Let’s get those photoreceptor cells warmed up and neurons bouncing people, it’s time for Place Hacking Chicago, where secret spatial knowledge leaks out like early-morning pillow drool through cracks in the urban security infrastructure.

Chicago was a slimy glimmer as Marc and I sped in, sleep deprived, stinky and tweaked out on our successes in Detroit. We had been hearing rumours of an extensive tunnel system modelled on London’s Mail Rail where some fiendish little schizophrenic called Dr. Chaos had hidden cyanide stolen from the University of Chicago back in the early aughts. Apparently it was accessible through manhole covers, gated up with steel doors that had pins we could pop out with a hammer and screwdriver. Next stop Home Depot we figured, we’re going underground.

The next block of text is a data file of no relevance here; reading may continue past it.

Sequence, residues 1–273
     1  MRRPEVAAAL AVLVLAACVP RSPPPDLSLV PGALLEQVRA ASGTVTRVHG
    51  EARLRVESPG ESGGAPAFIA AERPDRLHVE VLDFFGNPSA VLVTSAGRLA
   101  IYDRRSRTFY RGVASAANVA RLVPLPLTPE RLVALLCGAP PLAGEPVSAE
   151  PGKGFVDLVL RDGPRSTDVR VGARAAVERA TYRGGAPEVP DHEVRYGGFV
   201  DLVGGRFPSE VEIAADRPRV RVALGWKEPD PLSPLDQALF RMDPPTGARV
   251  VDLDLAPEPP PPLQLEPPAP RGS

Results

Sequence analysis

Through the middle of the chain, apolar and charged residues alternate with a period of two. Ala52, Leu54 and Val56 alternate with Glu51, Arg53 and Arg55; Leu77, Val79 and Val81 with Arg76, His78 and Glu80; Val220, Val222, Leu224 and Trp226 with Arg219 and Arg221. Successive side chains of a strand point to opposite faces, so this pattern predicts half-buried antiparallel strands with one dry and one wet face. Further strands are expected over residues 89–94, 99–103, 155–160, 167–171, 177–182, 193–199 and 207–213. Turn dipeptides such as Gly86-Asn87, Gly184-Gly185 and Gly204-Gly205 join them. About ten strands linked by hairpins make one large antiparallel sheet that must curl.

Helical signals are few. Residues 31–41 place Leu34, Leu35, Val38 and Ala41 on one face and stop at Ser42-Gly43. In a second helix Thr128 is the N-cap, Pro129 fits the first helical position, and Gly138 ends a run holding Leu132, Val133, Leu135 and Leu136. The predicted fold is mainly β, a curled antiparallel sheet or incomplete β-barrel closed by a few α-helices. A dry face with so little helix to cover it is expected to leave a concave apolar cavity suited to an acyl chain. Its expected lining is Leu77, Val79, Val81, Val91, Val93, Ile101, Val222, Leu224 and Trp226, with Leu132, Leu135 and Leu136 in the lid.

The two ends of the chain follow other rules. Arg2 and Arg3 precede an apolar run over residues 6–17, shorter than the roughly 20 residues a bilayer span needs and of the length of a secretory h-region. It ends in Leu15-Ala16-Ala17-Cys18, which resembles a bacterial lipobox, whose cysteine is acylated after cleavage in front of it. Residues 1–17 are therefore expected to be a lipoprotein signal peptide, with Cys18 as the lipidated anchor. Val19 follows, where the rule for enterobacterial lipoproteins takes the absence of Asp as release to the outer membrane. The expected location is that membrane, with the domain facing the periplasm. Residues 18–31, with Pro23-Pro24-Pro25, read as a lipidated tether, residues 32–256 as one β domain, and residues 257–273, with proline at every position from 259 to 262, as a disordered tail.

But Chicago presented those tunnels as false idols to be chased and worshipped by neophyte place hackers looking for lone star epics to boost international credibility and couch surfing bonus cred. Marc and I read the runes and realised our destiny lay in the heavens of the Windy City. We first hit the Hilton Chicago where we were advised the doors to the elevator controls were poppable with a credit card. Within minutes of arriving downtown, we were up the fire escape and on the roof.

Simple tech

Warm up

But the Hilton’s rooftop, sexy as it was, left us unsatiated. We looked higher and noticed a thunderstorm of epic proportions coming to meet us downtown. It was prime time to climb the highest the midwest had to offer and grab hold of Chicago’s gods – big cumulonimbus death eaters ready to thunder down bolts of righteous over Lake Michigan.